Paris Reverie: Le Musée Rodin

"The main point is to be moved, to love, to hope, to tremble, to live. To be human before being an artist!" -Auguste Rodin

Most often, the big museums of the world receive heaps of praise from the press and from art-hungry tourists. But for me, the little collections of art delight my eye and capture my imagination.

While the Met or the Louvre or the Prado boast encyclopedic collections that seamlessly cover any major period or movement in art history, given a choice, I prefer museums with smaller yet carefully assembled collections.

In Paris, one of my favorite small museums is the Musée Rodin. Just a couple of blocks from the Invalides metro stop, the Musée Rodin with its tidy yet lush gardens and palatial building transports visitors into another time and place, removed from the honking horns and hustling people of the surrounding Parisian streets. It offers an artistic refuge in the heart of the frenetic city.

As an art historian, collections like those within the Musée Rodin are visually inspiring because they allow me to consider that artist's work in a comprehensive manner. I can trace the way in which Rodin sculpted hands or feet or noses as I move from
The Thinker to The Kiss to The Three Shades. I can view his sketches alongside his bronzes. From idea on paper to life size marble, the Musée Rodin gives its viewers the unique opportunity to truly study one artist, to get to know his work in the most intimate way.
What is your favorite small museum?

Images borrowed from Viewpoints, FAQs, WeeklyWilson, Cancellieri


  1. Mine is the Isabella Stewart Gardner Museum in Boston. Inspired by a Venetian palazzo and built around a beautiful lush courtyard, the museum was Mrs. Gardner's home.

    Isabella gave her home to Boston with the stipulation that her vast collection of Italian Renaissance paintings, paintings by John Singer Sargent and Whistler (friends of hers) and furnishings be displayed just as she had during her lifetime.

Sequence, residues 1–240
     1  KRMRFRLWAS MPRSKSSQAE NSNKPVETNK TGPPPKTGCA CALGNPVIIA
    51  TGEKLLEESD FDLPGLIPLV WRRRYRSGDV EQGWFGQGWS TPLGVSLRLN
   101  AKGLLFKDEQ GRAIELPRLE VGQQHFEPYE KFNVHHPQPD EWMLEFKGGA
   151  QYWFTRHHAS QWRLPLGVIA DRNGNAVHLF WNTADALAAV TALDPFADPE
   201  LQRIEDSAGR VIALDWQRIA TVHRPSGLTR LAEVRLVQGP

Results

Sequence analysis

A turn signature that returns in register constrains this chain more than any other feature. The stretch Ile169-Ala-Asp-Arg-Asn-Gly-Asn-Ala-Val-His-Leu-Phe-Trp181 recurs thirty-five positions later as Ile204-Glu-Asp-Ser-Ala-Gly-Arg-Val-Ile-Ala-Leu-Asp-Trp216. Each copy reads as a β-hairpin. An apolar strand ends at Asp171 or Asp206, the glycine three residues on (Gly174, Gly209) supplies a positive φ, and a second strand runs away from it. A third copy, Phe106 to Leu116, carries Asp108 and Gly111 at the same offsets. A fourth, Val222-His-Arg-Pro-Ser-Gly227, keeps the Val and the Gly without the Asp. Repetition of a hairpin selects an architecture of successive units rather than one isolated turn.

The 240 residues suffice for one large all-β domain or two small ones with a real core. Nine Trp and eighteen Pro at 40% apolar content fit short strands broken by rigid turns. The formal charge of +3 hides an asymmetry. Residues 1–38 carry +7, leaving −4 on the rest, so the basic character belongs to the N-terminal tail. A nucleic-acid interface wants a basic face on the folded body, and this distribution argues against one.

So the museum seems more like a grand home -- the art displayed in an intimate and eclectic way. No galleries of paintings on the wall, here the paintings are part of her grand design. Regrettably, the museum gained even more prominence due to the art theft ten years ago.

    Sargent's painting of the flamenco dancer in the entry, covering an entire wall, is a favorite, a dramatic entrance.

    I love this museum because of its whimiscal personal touch. Oh, and if you're an Isabella, you get in for free!

  2. One of my favorite museums is The Mount in Lenox, MA, Edith Wharton's home which she designed herself and built in 1902. Incidentally, she was one of the first to write a book on interior design.

    Since I've inhabited the grand mansions of her novels, Age of Innocense being a favorite, I felt a special kinship when I visited The Mount. It's lovely and grand but not rediciulously so like the so-called "cottages" of the Vanderbilits and others in Newport. There's a beautiful sense of scale and proportion here with clean classical lines.

    Any favorite author's homes, Pink Frenchie? Or an artist's home?

  3. I love museums that were grand homes like Vizcaya in Tampa, Florida. I too like seeing paintings in a grand non-museum setting. I love those fabulous gardens. On the west coast, I like the Huntington museum. I love stepping back in time. For me, the most beautiful gardens are the Butchart Gardens in Victoria.


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